I’ve always learned a great deal over the years from Ed Stetzer. Ed holds the Billy Graham Distinguished Chair of Church, Mission, and Evangelism at Wheaton College. He also serves as Dean of the School of Mission, Ministry, and Leadership at Wheaton and is executive director of the Billy Graham Center.
As we move into this new year, here are five ways that Stetzer suggests can help all of us be more effective leaders (whether you are a leader in your church, your business or at home… these principles apply to all of these spheres).
As another year begins, we all have resolutions of things we’d like to change or start. We make many promises to ourselves and sometimes others. One of the things I want to commit to is being a better leader in 2019.
As I’ve considered what this means, I want to share with you five ways I think all of us can be more effective and Christ-honoring as we begin our leadership service this year. I hope these will provide you some food for thought as you reflect on where God has you and who he has under your care.
First, make that hard decision.
For most of us, there are things that we’ve been knowing we should do and we haven’t done them, or maybe we’ve been putting off making the decision. One of the things I’ve learned is that good leaders tend to lean into pain in a way that makes them a better leader.
For a lot of people, their inability or avoidance of a painful decision causes a cascading effect. Maybe you don’t make the right decision so something else isn’t getting done well. Maybe there’s an opportunity cost. Maybe we will lose integrity as those around us watch and say, “Well, you’re just not making the hard calls.”
So not only can your inability to make hard decisions impact other people’s ability to see you as a leader, but not making hard decisions can also drag YOU down. There’s a freedom in being on the other side of a hard decision.
Second, stop doing some things.
Almost every person I know (including me) is spending too much time doing things that don’t have the maximum impact. This ‘maximum impact’ looks different to different people—only you will know what that looks like for you as a leader. Sometimes this actually means less ‘bigness’ and more one-on-one time with people.
I’ve actually been thinking about that in a few areas of my own life. My dad is getting older and I am asking myself how I can spend more time with him.
But I have to stop doing something so I can have the freedom to do something else.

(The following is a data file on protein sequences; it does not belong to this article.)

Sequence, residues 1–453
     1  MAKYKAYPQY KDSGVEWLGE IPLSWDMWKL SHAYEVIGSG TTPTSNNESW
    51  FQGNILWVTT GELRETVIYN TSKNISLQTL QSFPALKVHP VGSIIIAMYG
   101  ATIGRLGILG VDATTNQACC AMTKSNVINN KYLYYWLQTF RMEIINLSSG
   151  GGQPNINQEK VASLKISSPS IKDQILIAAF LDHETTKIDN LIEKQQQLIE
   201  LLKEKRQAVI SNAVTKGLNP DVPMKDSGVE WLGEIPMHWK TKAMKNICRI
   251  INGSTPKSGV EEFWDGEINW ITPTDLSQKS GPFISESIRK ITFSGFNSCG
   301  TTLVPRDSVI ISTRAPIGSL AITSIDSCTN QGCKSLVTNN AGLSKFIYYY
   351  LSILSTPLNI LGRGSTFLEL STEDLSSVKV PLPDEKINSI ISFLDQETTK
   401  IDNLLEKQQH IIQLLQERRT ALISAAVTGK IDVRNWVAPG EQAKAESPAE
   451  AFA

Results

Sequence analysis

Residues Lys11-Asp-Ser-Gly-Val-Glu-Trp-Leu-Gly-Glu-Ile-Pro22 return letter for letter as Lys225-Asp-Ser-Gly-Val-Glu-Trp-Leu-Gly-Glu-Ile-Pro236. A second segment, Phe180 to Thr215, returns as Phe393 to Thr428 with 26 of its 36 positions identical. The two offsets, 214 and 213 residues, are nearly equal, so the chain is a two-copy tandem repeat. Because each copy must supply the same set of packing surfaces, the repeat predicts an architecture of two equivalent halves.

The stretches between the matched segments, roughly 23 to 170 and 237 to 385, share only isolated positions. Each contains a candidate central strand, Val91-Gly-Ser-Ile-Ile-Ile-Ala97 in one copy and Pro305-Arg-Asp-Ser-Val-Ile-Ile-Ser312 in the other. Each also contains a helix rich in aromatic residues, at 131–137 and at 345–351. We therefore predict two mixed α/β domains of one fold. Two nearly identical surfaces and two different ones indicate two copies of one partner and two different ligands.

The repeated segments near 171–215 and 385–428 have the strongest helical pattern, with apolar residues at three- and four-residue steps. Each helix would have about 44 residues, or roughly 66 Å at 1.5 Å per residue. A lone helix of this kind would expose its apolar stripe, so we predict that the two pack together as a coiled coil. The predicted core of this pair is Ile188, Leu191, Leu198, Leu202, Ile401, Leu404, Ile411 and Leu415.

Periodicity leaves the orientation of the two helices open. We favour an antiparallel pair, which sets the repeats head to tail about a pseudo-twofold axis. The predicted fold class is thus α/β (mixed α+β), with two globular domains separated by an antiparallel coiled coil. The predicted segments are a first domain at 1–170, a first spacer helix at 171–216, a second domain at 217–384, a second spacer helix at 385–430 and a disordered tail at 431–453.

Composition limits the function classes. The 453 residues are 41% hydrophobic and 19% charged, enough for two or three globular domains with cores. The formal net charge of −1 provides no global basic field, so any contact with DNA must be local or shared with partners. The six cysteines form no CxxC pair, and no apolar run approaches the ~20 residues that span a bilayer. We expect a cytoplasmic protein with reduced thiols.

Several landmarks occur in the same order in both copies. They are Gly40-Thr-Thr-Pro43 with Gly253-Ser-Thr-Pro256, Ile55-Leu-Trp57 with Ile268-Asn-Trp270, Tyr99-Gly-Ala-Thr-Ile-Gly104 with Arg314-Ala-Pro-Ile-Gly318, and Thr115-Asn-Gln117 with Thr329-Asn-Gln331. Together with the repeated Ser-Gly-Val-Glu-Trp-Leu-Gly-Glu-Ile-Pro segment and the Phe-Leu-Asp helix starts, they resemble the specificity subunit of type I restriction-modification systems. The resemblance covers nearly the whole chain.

We all want to say “yes” to everything that comes our way. We want to meet with everyone who asks and respond quickly and kindly to all who email or call. But it’s simply not possible. My carte blanche yes is ineffective and harmful to what God has called me to do. I think that’s true for all of us.
I understand saying no is hard, particularly in Christian ministry. But your no could be the best decision you make in 2019.
Third, invest in younger leaders.
If you make the hard decision you didn’t make and stop doing some things, you can then have the time to invest in some younger leaders.
As I consider my own 2018, I’ve been frustrated.
I haven’t had time to invest in many leaders, young or old. I’ve decided to make some hard decisions and stop doing some things so I can have more time to invest in them. I’ve got good leaders and I need to invest in them and develop them so that they can be the leaders that God has called them to be. This requires me to say no and to have a plan for how to strategically step into mentoring and investing in the many leaders under my care.
Fourth, decide to last.
This is legacy. It’s having the long view in mind. I had a friend who challenged me on this, asking, “How are you deciding to last as a leader? How is Ed Stetzer going to be here in 10 or 20 years?”
The new year is a good time to commit to (1) taking care of yourself so that you can be a more effective leader and (2) do the things that will live on for years to come.
For me, part of my ‘lasting’ has to do with some physical things. I’ve got to take better care of myself physically and spiritually so that I can still be ministering and leading in 10 or 20 years.
Finally, be a better learner.
Keep learning—and re-learning.
Commit to reading books and watching videos that will help you be a more effective leader, friend, and servant in this world. All of us must acknowledge that what we know is only a drop in the bucket of all the knowledge in the world. No matter if you are 25 or 85, there is still much to know.
As we all live into these five tips, I believe God will do much in and through us in 2019.
Ed Stetzer holds the Billy Graham Distinguished Chair of Church, Mission, and Evangelism at Wheaton College, serves as Dean of the School of Mission, Ministry, and Leadership at Wheaton College, is executive director of the Billy Graham Center, and publishes church leadership resources through Mission Group.